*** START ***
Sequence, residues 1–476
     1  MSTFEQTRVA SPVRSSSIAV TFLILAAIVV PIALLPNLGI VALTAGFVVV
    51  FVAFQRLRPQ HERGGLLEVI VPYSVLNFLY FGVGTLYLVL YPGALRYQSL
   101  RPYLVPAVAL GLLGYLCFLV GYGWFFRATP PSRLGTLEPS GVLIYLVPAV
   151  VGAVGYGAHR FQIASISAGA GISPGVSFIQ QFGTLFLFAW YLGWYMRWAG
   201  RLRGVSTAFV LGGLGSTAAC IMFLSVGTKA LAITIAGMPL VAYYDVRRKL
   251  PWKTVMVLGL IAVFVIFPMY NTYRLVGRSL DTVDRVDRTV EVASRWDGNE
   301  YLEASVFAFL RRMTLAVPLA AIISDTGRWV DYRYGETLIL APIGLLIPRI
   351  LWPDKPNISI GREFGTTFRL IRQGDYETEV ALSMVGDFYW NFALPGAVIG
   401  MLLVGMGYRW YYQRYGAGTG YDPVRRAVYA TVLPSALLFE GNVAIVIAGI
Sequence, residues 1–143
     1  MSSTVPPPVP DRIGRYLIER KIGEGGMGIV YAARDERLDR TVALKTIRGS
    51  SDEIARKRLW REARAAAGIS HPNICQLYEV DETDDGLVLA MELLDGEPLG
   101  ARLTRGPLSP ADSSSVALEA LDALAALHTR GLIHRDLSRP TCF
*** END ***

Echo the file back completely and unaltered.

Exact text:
Sequence, residues 1–476
     1  MSTFEQTRVA SPVRSSSIAV TFLILAAIVV PIALLPNLGI VALTAGFVVV
    51  FVAFQRLRPQ HERGGLLEVI VPYSVLNFLY FGVGTLYLVL YPGALRYQSL
   101  RPYLVPAVAL GLLGYLCFLV GYGWFFRATP PSRLGTLEPS GVLIYLVPAV
   151  VGAVGYGAHR FQIASISAGA GISPGVSFIQ QFGTLFLFAW YLGWYMRWAG
   201  RLRGVSTAFV LGGLGSTAAC IMFLSVGTKA LAITIAGMPL VAYYDVRRKL
   251  PWKTVMVLGL IAVFVIFPMY NTYRLVGRSL DTVDRVDRTV EVASRWDGNE
   301  YLEASVFAFL RRMTLAVPLA AIISDTGRWV DYRYGETLIL APIGLLIPRI
   351  LWPDKPNISI GREFGTTFRL IRQGDYETEV ALSMVGDFYW NFALPGAVIG
   401  MLLVGMGYRW YYQRYGAGTG YDPVRRAVYA TVLPSALLFE GNVAIVIAGI
Sequence, residues 1–143
     1  MSSTVPPPVP DRIGRYLIER KIGEGGMGIV YAARDERLDR TVALKTIRGS
    51  SDEIARKRLW REARAAAGIS HPNICQLYEV DETDDGLVLA MELLDGEPLG
   101  ARLTRGPLSP ADSSSVALEA LDALAALHTR GLIHRDLSRP TCF